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Cablegate: Northern Opposition Leaders Tell Special Envoy

VZCZCXRO1256
PP RUEHROV RUEHTRO
DE RUEHKH #1433/01 3540947
ZNR UUUUU ZZH
P 200947Z DEC 09
FM AMEMBASSY KHARTOUM
TO RUEHC/SECSTATE WASHDC PRIORITY 4922
INFO RUCNIAD/IGAD COLLECTIVE
RUEHGG/UN SECURITY COUNCIL COLLECTIVE

UNCLAS SECTION 01 OF 02 KHARTOUM 001433

SENSITIVE
SIPDIS

NSC FOR MGAVIN, LETIM
DEPT PLS PASS USAID FOR AFR/SUDAN

E.O. 12958: N/A
TAGS: KDEM PGOV PHUM PREL SU
SUBJECT: NORTHERN OPPOSITION LEADERS TELL SPECIAL ENVOY
GRATION THAT DEMONSTRATIONS WERE NECESSARY

REF: A. KHARTOUM 1370
B. KHARTOUM 1404

1. (SBU) Summary: On December 16, five northern opposition
political party leaders discussed the recent demonstrations
in Khartoum and their objectives with U.S. Special Envoy to
Sudan (SE) General Scott Gration. Mariam Al-Sadig Al-Mahdi
from the Umma Party, Ali Traio of the Sudan Liberation
Movement/Minni Minawi (SLM/MM), Taj El-Sir Mohamed Salih of
the Democratic Unionist Party (DUP), Siddiq Hassan Al-Turabi
from the Popular Congress Party (PCP), and Siddiq Yousif of
the Communist Party, all agreed that they wanted free and
fair national elections in April 2010. Four of the parties
had been working together (with the Sudan People's Liberation
Movement (SPLM) and other parties) to stage the
demonstrations of December 7 and 14, while the DUP disagreed
about the utility of using demonstrations to bring about
change. Instead, the DUP's Salih said his party preferred
holding meetings with all parties to reach consensus on
differences. Many in the group expressed concerns about what
they claimed were irregularities in the voter registration
process, but agreed that in general, the results of the
latter had been encouraging. End Summary.

2. (SBU) Mariam Al-Sadig Al-Mahdi from the Umma Party
recounted for SE Gration the most recent opposition
demonstration on December 14, organized by the parties of the
Juba Alliance, during which Government of Sudan (GOS) police
arrested and detained her for several hours. She called it a
silent gathering rather than a demonstration, and said the
force used by the GOS was not warranted. She stated that
Sudan does not have a "Government of National Unity" (GNU),
instead accusing the National Congress Party (NCP) of
preventing forward movement on issues of national importance.
Referring to the NCP and Sudan People's Liberation Movement
(SPLM) agreement on three long-disputed bills, Al-Sadig
argued that the demonstrations of December 7 and 14 prompted
resolution of differences between those parties that had not
been possible for years. She said this gave renewed faith to
political parties and activists that there was hope for the
political process, even if it required the intense pressure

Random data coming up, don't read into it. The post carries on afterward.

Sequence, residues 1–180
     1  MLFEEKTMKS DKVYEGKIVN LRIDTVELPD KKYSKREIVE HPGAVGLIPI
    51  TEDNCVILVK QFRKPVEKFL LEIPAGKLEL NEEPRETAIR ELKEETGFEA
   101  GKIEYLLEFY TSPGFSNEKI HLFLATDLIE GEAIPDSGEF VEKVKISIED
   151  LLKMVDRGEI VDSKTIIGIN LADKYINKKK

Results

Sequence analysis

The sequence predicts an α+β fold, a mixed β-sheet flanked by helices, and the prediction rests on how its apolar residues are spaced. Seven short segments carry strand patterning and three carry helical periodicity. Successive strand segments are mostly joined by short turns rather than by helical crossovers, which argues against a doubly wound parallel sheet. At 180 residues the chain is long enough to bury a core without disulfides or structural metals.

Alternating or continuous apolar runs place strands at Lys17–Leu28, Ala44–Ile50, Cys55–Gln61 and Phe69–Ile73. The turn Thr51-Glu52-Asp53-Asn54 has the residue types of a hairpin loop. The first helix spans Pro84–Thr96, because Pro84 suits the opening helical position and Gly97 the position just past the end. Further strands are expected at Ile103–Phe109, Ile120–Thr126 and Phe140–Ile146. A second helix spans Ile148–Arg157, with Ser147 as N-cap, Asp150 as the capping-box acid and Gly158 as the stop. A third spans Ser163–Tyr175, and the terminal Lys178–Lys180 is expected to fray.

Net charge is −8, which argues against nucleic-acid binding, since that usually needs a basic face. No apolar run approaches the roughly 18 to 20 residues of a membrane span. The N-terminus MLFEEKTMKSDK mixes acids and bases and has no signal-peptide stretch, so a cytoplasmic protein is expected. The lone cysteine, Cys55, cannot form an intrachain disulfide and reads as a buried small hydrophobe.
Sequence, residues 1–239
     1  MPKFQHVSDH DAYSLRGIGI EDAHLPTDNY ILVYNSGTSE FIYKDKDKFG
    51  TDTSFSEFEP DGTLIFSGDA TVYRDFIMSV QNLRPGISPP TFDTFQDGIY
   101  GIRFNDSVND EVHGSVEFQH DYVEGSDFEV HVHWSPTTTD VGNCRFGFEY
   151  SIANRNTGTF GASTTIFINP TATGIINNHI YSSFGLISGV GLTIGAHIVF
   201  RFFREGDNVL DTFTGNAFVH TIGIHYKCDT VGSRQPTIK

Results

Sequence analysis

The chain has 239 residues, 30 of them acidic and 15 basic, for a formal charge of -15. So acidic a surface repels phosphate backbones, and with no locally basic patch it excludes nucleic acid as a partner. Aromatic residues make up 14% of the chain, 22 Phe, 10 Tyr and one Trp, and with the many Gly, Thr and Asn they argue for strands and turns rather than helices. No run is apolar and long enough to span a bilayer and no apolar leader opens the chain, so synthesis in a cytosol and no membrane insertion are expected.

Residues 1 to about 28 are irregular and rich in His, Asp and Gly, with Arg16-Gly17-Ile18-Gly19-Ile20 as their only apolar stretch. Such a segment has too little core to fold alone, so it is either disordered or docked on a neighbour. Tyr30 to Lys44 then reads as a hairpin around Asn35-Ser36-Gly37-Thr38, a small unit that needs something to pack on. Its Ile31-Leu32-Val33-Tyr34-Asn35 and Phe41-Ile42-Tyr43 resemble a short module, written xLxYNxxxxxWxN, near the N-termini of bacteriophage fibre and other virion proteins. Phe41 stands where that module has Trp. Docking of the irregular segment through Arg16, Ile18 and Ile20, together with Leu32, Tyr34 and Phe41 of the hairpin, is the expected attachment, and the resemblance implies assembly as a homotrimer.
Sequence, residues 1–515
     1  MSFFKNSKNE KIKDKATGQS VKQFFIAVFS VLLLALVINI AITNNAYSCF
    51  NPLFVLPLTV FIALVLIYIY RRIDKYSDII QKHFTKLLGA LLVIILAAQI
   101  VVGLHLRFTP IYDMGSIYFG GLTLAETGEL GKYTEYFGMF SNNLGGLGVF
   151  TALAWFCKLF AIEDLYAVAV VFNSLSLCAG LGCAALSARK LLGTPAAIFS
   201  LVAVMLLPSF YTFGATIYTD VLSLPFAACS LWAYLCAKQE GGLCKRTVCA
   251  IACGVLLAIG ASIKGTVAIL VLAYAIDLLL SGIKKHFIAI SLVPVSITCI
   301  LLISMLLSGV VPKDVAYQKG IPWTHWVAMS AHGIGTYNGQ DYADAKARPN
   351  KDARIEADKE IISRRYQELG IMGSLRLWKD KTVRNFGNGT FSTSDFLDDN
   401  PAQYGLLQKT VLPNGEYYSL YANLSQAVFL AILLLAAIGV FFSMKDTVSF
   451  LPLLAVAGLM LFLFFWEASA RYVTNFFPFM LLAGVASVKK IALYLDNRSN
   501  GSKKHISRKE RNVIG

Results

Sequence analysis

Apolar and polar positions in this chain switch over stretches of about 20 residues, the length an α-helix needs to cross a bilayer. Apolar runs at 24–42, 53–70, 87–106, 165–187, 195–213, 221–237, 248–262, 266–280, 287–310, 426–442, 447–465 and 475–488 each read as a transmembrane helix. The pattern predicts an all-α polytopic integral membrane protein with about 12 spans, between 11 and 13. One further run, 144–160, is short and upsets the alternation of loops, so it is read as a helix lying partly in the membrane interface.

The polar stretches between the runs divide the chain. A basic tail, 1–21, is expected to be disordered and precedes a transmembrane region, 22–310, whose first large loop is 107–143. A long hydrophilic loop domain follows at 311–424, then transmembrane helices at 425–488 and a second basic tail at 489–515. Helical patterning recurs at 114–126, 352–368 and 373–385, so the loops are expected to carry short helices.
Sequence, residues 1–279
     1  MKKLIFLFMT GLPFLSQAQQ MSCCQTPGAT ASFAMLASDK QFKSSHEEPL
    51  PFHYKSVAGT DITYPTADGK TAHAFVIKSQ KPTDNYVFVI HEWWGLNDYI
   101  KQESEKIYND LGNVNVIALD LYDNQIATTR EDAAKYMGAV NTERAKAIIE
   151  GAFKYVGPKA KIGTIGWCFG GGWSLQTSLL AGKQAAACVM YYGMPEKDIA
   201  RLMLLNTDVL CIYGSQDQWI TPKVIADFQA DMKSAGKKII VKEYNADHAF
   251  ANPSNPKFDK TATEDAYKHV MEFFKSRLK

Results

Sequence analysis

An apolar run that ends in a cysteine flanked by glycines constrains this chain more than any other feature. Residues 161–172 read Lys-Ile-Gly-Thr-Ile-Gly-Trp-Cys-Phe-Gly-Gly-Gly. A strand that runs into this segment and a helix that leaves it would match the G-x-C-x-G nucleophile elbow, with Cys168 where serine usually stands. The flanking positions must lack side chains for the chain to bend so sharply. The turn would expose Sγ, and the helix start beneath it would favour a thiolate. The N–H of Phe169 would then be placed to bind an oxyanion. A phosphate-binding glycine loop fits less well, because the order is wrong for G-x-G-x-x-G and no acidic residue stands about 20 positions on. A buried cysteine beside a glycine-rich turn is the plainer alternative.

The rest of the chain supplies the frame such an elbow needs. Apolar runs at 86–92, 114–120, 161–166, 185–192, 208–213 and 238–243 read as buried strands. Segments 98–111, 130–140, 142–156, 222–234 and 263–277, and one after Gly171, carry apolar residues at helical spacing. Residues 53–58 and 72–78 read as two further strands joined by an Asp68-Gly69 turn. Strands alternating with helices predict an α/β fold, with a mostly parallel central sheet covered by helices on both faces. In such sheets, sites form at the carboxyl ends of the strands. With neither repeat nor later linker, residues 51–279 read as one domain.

of public protests to bring about progress. When pressed for
a specific objective for the demonstrations, she
characterized them as a mobilization of the people in which
they exercised their rights, in order to begin the long-term
democratic transformation process in Sudan.

3. (SBU) Ali Traio from the SLM/MM, went further in his
justification of the demonstrations. He said they had been
intended to rectify election malpractices and highlight the
issue of election-related issues in Darfur. He, too, viewed
public pressure on the NCP as being responsible for agreement
on the three contested bills. However, he noted that the
National Security Act bill and issues relating to elections
in Darfur remained unresolved.

4. (SBU) Siddiq Yousif from the Communist Party said his
party was interested in free, fair and transparent elections.
Although acknowledging that according to statistics, some 60
percent of Darfuris had registered to vote, he maintained
that this number was not accurate and reflected voter
registration irregularities. Yousif claimed that in some
areas, especially certain locations where the NCP might not
have been confident of a winning vote, the registration data
had been manipulated. He cited one location in Khartoum in
the area surrounding President Omar Al-Bashir's residence and
said that according to census data, the population is 934
people; however, according to voter registration data, over
2,000 people registered to vote in this locale. Yousif
agreed that not all areas might not have the same high number
of alleged voter registration irregularities, but emphasized
that irregularities were common and politically -motivated.

5. (SBU) Taj El-Sir Mohamed Salih of the DUP noted that his
party was not part of the Juba Alliance and had not
participated in the recent demonstrations. He said that
while the DUP was not necessarily against the demonstrations,
the party did not believe such actions were the best or only
way to effect change. The DUP preferred, he said, a meeting
or conference between the opposition parties and the GNU to
discuss and resolve differences. His party had sent letters
to both GOS President Bashir and GOSS President Salva Kiir
calling on them to initiate such a consensus-building
conference. The DUP's hope, he concluded, was that such a
gathering would take place prior to national elections.

6. (SBU) Comment: With the exception of the DUP, the

KHARTOUM 00001433 002 OF 002


opposition party representatives were united in the view that
public protests and demonstrations are necessary to achieve
progress on election and referendum issues. Despite arrests
and reported beatings, those favoring such demonstrations
did not seem daunted by the GOS response. They vowed to
continue with more rallies and demonstrations in the coming
weeks. All continued to support preparations for elections to
be held on schedule in April 2010. End Comment.

7. (U) S/USSES has cleared this message.
ASQUINO

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